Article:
Jay Collett's letter regarding who pays taxes in America (Dec 8, "Don't we care about the less fortunate?") is documented proof that a little knowledge is a dangerous thing.
Mr Collett states that the "rich," although he fails to define that term, pay 39 percent of the taxes and that the poor and middle class pay the other 61 percent. He could not be more wrong.
According to the National Taxpayers Union website, in 2008 the top 10 percent of earners in America, those making more than approximately $113,000 per year, paid roughly 70 percent of all income taxes -- 69.7 per cent to be exact -- while the bottom 50 percent, those making less than $33,000 per year, paid about 3 percent. Many of those, in fact, paid nothing and still received refunds thanks to a government welfare program known as the earned income tax credit.
Mr Collett also stated that because the "rich" grew in numbers from 1980 to 2006, naturally they paid a larger percentage of the tax. Growth in the number of so called "rich" people does not affect how much of the total taxes they paid, since what is being measured is not how many individuals are "rich" but rather how much of the total taxes were paid by individuals in a specific income bracket.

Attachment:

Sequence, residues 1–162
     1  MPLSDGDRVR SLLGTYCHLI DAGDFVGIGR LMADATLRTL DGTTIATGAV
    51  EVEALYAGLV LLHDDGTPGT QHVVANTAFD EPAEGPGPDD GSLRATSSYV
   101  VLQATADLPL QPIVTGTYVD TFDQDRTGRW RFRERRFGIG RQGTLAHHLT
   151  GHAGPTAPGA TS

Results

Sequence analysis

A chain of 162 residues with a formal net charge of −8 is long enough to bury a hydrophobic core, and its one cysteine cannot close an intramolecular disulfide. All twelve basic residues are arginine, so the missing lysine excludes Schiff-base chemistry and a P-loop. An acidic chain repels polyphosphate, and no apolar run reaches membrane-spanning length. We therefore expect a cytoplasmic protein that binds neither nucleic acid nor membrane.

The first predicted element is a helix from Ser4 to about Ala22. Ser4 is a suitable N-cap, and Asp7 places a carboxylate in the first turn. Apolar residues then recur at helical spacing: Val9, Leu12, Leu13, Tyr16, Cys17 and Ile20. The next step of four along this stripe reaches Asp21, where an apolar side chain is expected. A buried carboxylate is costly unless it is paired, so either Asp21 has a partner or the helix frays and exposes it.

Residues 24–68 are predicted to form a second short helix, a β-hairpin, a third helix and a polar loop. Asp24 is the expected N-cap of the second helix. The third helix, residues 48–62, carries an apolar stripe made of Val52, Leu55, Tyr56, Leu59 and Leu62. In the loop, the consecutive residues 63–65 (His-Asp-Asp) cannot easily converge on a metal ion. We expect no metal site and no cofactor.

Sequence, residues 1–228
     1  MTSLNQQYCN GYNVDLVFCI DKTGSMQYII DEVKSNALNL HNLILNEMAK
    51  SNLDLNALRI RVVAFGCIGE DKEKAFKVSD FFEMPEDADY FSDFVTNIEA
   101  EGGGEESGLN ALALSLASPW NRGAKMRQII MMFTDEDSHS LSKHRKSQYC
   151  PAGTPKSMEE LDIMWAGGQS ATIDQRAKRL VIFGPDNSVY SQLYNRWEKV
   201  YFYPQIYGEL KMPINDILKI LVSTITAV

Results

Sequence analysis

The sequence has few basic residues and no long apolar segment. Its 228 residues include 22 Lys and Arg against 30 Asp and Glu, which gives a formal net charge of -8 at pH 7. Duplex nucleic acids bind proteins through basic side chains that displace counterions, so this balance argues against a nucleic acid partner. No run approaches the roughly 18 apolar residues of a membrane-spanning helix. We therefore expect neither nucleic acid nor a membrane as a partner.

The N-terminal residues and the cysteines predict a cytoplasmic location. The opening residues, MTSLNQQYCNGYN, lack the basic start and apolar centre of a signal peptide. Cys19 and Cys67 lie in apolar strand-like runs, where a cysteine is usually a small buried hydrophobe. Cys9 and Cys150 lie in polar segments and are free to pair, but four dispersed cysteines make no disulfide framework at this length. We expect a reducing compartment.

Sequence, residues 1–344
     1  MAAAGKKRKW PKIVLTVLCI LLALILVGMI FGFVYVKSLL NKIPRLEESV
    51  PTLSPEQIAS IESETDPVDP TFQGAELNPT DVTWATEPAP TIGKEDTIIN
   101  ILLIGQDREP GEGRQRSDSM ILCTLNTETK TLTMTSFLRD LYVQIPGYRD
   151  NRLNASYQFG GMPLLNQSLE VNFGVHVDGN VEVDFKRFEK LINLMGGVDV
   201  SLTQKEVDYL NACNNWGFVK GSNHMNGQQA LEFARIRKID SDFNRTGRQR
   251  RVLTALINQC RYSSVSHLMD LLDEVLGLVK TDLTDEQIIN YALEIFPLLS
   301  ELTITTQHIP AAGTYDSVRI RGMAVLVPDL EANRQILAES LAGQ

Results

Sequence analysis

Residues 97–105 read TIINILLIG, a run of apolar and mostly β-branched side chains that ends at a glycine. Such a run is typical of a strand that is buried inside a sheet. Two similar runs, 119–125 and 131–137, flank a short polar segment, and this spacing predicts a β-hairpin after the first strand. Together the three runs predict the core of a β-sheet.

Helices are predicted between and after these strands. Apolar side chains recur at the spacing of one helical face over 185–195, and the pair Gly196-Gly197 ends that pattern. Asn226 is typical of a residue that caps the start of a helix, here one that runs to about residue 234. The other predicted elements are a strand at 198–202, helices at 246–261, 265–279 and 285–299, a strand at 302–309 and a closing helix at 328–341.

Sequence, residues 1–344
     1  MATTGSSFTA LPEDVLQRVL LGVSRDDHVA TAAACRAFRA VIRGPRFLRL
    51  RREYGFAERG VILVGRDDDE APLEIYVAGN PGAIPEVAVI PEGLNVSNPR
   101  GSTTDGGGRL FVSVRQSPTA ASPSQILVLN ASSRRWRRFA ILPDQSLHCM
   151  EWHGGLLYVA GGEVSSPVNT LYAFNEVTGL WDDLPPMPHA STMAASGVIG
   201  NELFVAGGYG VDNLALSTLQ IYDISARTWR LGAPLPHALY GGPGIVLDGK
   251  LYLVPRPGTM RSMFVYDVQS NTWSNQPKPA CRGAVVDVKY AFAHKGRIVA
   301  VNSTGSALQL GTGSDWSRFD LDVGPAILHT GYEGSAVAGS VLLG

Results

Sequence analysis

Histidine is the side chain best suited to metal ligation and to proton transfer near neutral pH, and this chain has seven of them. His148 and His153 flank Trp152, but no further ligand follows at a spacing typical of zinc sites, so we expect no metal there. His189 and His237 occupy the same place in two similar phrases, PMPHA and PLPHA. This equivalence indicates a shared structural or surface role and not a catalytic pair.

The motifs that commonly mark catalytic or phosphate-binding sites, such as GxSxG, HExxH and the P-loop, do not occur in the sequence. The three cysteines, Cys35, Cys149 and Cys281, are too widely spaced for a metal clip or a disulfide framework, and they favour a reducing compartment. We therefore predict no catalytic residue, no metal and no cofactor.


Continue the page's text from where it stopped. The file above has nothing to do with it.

The rest of his letter goes on to deal with illegals and their desire to come to America, the "greatest country on Earth," and how we should not turn them away but allow all who wish to come to do so without restriction. He claims that this is the only humane thing to do.
While he is correct that we are truly blessed to live in this wonderful nation, coming here is not a right; it is a privilege that can be earned, but nowadays is being hijacked by individuals who disregard our laws and customs.
Compassion for these unfortunates is not a good enough reason to condone anarchy.
Democrats and President Obama have spent the last three years or more stoking the fires of class warfare. To his obvious chagrin, Obama has been hoisted on his own petard as the fringe left he radicalized with his rhetoric has now turned on him.
These are troubled economic times, and I suspect things will get worse before they get better. Let's set aside all the class warfare banter and work together to solve our financial woes. Working together is our only hope. As Ben Franklin once said, " If we do not hang together, we will most assuredly hang separately."
Louis M. Pedraza